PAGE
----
The emergence of team resilience: A multilevel conceptual model of facilitating factors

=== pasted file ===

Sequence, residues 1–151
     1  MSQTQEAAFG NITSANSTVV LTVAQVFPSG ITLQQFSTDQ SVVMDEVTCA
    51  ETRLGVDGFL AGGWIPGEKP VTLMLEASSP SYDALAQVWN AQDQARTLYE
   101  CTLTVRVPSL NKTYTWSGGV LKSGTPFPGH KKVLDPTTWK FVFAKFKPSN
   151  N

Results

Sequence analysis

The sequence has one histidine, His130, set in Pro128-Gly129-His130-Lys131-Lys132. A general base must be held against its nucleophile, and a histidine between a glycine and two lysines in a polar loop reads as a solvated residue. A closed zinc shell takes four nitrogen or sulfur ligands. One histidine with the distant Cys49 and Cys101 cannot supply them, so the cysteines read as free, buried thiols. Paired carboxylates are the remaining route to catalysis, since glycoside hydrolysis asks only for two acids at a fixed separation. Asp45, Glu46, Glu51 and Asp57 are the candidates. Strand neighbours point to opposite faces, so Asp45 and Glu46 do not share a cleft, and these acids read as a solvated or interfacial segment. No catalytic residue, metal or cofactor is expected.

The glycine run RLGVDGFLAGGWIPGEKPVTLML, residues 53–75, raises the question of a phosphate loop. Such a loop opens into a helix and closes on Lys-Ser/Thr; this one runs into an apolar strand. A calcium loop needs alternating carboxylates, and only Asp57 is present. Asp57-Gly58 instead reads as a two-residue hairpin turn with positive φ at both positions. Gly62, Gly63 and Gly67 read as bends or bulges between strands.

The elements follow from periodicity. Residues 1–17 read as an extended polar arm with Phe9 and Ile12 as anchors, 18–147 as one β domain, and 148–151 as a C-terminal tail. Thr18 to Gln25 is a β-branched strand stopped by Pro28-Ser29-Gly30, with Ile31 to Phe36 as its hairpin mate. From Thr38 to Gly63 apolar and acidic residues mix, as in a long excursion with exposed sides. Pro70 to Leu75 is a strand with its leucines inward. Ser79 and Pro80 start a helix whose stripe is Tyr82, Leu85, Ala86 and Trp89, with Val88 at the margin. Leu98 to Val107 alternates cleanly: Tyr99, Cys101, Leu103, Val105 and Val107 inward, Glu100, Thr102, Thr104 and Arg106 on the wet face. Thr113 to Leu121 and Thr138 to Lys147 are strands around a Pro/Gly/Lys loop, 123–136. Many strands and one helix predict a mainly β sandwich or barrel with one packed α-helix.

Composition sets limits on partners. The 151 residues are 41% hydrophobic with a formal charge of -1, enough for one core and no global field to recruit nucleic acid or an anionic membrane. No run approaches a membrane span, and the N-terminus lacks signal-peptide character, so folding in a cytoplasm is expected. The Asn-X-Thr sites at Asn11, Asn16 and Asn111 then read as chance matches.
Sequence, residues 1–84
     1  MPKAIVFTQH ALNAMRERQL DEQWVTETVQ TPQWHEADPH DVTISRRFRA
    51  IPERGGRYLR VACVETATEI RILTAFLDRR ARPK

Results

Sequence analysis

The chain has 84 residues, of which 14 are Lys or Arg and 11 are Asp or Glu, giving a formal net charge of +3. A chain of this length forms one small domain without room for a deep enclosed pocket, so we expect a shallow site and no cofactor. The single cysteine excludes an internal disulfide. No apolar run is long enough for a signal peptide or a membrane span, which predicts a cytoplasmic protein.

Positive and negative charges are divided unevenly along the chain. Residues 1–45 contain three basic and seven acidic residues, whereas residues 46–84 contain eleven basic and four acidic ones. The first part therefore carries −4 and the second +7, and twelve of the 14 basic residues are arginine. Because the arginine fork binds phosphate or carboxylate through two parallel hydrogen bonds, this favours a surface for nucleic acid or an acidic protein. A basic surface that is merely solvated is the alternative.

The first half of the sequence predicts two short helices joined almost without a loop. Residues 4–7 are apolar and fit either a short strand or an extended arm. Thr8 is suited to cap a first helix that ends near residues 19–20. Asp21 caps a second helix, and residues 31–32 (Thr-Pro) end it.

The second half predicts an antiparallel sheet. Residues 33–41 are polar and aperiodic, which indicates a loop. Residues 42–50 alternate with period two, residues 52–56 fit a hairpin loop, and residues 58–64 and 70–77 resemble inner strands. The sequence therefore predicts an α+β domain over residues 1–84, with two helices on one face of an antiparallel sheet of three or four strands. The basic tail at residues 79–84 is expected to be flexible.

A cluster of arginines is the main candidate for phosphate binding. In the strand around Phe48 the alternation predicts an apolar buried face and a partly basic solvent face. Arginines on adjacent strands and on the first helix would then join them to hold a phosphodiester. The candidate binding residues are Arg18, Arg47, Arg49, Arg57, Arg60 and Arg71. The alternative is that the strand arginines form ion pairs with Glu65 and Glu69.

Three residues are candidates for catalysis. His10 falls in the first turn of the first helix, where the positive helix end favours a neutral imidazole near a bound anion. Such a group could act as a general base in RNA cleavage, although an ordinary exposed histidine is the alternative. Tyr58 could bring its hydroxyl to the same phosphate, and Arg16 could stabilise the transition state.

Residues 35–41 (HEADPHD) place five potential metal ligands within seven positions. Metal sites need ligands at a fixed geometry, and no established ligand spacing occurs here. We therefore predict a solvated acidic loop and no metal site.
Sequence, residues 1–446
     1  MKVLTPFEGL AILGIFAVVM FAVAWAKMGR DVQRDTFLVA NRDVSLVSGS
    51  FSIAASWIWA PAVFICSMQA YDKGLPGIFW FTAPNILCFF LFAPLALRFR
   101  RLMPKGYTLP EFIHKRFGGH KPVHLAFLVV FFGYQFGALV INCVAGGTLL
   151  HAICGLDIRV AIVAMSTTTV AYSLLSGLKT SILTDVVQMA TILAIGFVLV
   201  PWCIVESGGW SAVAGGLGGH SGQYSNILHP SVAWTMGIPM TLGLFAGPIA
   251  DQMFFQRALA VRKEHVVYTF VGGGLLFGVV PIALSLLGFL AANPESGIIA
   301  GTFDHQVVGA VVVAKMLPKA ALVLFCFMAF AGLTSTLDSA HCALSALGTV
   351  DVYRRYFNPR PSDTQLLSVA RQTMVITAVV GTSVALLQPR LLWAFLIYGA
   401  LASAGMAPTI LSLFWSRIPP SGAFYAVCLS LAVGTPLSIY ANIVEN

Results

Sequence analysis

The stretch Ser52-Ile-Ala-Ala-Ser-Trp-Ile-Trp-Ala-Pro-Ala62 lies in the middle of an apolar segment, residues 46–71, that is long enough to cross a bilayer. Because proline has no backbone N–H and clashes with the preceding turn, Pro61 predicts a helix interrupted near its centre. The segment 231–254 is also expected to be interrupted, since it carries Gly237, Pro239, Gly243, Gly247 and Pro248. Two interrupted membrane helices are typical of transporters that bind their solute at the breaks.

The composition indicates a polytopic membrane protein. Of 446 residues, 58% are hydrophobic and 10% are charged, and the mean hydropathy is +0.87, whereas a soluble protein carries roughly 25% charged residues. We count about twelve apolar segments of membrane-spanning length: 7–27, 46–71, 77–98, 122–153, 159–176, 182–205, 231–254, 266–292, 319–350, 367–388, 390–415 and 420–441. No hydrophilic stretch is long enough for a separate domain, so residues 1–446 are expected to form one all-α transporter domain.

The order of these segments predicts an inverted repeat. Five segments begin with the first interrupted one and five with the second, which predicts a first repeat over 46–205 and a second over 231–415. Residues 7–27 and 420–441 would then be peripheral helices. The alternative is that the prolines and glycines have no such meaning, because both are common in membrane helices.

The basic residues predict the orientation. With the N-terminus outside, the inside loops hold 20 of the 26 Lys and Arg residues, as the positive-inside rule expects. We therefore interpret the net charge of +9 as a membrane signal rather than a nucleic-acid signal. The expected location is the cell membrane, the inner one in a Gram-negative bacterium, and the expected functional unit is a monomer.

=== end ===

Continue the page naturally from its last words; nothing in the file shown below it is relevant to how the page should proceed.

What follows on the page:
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With empirical research on team resilience on the rise, there is a need for an integrative conceptual model that delineates the essential elements of this concept and offers a heuristic for the integration of findings across studies. To address this need, we propose a multilevel model of team resilience that originates in the resources of individual team members and emerges as a team-level construct through dynamic person–situation interactions that are triggered by adverse events. In so doing, we define team resilience as an emergent outcome characterized by the trajectory of a team's functioning, following adversity exposure, as one that is largely unaffected or returns to normal levels after some degree of deterioration in functioning. This conceptual model offers a departure point for future work on team resilience and reinforces the need to incorporate inputs and process mechanisms inherent within dynamic interactions among individual members of a team. Of particular, importance is the examination of these inputs, process mechanisms and emergent states, and outcomes over time, and in the context of task demands, objectives, and adverse events. Practitioner points: Team resilience as a dynamic, multilevel phenomenon requires clarity on the individual- and team-level factors that foster its emergence within occupational and organizational settings. An understanding of the nature (e.g., timing, chronicity) of adverse events is key to studying and intervening to foster team resilience within occupational and organizational settings.
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